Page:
first-ever regulations limiting greenhouse gases from power
plants, a cut in U.S. government financing for overseas coal
plants and accelerated progress on efficiency standards for
everything from microwave ovens to walk-in freezers. The power-plant rules, the centerpiece of his plan, were proposed earlier
this year and are set to be completed next June.
Taken together, the combination of Obama’s regulations,
cheap natural gas and the 2007-2009 economic recession mean that
the U.S. is on course to hit the 17 percent reduction in
emissions that Obama had pledged to the UN, according to an
analysis by Resources for the Future.
The administration also allocated billions for clean
energy, green-lighted renewable projects on public land and
reached an agreement with China to limit hydro fluorocarbons,
chemicals use in refrigeration and air conditioning.
Public opinion is largely behind the president’s stance. In
a new CBS News/New York Times poll, 74 percent of Americans said
global warming is having or will have a serious impact; 24
percent say the phenomenon won’t have a serious impact. By a 54
percent to 31 percent margin, Americans say human activity
rather than natural fluctuations explain the rising
The poll, conducted Sept. 10-14 of 1,000 people, has a
margin of error of plus or minus 3 percentage points.
Still, the legacy of the earlier U.S. failure to ratify the
Kyoto pact and a domestic political climate that has sapped
American efforts to move aggressively haven’t gone away. Many
foreign officials want to see the U.S. do more.
“It’s important to have the American leadership together
with other countries to move faster on a global agreement,”
said Izabella Teixeira, Brazil’s environment minister, in an
interview in New York.
U.S. leaders need to “mobilize American society to face
this. Yesterday, you started,” she added in reference to the
New York protest, which attracted thousands of people.
Yet prospects for concrete action at the world body this
week are faint, with Chinese President Xi Jinping and Indian
Prime Minister Narendra Modi declining to even attend. The
summit’s goal is to avert what Fabius in a speech to the Council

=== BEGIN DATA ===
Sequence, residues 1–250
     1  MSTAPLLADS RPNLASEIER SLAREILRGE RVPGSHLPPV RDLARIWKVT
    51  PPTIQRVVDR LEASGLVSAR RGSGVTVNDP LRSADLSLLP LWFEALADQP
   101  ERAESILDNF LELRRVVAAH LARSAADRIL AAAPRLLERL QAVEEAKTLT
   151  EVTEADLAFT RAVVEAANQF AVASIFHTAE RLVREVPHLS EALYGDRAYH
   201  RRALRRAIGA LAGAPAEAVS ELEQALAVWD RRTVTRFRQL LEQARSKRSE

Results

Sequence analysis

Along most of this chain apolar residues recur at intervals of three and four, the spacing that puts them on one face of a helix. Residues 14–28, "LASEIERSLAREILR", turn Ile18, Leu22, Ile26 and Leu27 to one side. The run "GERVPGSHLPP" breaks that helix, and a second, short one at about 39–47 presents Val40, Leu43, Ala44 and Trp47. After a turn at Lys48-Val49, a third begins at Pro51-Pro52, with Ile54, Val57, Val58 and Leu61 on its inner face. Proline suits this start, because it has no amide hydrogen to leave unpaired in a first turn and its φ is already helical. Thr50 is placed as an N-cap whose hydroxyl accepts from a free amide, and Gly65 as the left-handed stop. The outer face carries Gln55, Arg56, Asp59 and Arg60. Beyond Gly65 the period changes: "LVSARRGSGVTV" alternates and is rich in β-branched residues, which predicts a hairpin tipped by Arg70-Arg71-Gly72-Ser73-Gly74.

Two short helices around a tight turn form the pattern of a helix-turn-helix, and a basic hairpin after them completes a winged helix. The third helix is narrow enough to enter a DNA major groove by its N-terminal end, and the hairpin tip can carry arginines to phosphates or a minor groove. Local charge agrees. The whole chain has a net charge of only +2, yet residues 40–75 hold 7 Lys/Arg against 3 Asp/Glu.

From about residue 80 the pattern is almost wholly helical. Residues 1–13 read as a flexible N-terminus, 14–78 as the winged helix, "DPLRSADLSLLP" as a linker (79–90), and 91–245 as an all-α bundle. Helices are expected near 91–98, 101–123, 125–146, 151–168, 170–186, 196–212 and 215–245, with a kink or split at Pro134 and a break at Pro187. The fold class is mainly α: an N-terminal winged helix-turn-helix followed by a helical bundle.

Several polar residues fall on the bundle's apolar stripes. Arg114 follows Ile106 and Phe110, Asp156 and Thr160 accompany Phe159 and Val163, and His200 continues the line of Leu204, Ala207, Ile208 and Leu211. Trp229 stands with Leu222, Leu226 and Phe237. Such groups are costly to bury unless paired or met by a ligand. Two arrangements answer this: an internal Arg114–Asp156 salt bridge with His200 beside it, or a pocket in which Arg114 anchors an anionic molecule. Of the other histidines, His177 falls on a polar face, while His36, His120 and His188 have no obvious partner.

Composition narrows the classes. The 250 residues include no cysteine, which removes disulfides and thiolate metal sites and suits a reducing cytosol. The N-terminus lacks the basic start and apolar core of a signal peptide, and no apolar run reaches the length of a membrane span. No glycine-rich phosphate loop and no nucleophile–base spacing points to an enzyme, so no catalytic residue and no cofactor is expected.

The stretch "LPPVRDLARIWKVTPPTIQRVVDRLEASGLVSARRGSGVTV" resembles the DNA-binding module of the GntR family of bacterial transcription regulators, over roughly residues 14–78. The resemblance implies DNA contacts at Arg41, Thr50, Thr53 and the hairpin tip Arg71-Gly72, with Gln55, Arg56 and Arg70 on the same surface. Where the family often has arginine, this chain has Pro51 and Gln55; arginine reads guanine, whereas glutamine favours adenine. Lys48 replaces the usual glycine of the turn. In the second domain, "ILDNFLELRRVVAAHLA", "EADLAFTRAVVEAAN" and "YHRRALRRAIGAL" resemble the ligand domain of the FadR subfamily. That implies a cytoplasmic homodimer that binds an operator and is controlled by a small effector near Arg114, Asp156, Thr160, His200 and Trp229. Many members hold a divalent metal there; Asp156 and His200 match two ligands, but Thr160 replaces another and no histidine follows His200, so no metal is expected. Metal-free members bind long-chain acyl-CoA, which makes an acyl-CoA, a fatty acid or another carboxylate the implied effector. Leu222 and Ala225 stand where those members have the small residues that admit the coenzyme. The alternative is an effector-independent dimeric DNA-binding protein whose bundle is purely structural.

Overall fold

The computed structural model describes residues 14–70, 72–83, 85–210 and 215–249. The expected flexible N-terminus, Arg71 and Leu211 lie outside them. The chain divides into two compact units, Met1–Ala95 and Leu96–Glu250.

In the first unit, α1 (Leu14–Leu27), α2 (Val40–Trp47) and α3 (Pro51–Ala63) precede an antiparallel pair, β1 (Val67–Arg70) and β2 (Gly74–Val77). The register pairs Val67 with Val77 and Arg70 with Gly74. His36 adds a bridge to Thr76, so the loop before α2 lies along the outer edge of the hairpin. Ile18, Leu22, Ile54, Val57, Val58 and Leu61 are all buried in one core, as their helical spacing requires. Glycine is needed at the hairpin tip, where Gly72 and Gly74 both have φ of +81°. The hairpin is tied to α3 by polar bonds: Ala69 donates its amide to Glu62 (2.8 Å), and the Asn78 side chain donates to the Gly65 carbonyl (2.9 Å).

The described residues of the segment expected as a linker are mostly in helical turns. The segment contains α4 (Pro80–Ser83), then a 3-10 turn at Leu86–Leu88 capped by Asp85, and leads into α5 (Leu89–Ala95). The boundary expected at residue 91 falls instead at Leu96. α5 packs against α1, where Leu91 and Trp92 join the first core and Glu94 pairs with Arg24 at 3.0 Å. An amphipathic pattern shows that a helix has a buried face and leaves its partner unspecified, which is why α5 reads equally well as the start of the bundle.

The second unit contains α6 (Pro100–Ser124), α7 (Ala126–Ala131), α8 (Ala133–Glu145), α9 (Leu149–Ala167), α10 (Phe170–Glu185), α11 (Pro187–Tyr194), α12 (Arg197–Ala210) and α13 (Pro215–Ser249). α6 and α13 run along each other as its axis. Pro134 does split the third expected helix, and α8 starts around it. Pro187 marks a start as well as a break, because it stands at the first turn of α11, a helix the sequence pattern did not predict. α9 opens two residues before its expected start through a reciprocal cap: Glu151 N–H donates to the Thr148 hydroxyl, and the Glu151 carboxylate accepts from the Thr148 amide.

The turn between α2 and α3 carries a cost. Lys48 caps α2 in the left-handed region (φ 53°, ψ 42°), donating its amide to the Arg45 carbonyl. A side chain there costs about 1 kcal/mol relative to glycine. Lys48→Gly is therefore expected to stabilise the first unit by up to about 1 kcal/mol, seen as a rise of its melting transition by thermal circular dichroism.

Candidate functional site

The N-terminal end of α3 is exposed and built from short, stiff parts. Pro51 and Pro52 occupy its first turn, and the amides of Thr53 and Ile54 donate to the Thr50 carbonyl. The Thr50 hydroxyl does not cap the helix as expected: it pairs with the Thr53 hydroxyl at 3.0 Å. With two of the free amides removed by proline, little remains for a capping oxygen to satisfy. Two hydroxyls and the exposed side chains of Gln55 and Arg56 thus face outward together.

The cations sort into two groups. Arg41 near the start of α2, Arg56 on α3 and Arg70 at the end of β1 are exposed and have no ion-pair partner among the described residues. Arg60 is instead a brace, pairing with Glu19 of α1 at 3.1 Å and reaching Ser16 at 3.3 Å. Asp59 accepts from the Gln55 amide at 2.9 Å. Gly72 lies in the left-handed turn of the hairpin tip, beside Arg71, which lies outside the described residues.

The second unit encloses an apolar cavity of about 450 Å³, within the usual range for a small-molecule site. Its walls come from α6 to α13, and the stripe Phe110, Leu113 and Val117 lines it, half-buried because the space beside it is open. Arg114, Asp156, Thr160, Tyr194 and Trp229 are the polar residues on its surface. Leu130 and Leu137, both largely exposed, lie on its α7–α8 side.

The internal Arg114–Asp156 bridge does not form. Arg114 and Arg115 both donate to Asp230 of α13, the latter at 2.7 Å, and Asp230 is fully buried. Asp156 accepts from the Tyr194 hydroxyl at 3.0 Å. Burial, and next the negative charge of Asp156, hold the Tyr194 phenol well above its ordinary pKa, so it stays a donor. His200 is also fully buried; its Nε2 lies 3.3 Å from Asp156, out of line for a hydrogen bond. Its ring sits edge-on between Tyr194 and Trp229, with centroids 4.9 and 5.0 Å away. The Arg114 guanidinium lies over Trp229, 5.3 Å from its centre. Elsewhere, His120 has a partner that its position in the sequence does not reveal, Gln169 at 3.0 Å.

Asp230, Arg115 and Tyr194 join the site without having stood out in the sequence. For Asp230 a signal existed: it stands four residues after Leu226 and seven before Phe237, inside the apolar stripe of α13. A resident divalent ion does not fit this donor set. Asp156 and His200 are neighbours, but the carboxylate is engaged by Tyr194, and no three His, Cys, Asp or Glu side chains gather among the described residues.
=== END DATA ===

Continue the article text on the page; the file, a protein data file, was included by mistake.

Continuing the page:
on Foreign Relations yesterday called “a real catastrophe.”
Earlier this month, the World Meteorological Organization
reported that the main drivers of climate change are continuing
to rise. Atmospheric levels of carbon dioxide, the most
important contributor to manmade climate impacts, are now 42
percent higher than in 1750, the group said.
The increase in CO2 from 2012 to 2013 was the largest
annual change in the past 29 years, according to the report.
Regulatory action pales beside what might have been done if
Obama had been able to persuade congressional Republicans that
climate change is real.
Peter Ogden, a former White House director for climate
change in the Obama administration, said the president’s climate
plan will achieve the same greenhouse-gas reductions “in 2020
that would have been achieved” under legislation that passed
the then-Democratic-controlled House in 2009.
The White House is trying to frame the climate-change
battle as a potential benefit for the U.S. economy rather than a
certain cost. And U.S. officials are emphasizing that inaction
carries its own price tag.
“It doesn’t cost more to deal with climate change; it
costs more to ignore it and to put our head in the sand and
continue down this road,” Secretary of State John Kerry said in
New York yesterday.
To contact the reporter on this story:
David J. Lynch in Washington at
To contact the editors responsible for this story:
Steven Komarow at
Steve Geimann, Elizabeth Wasserman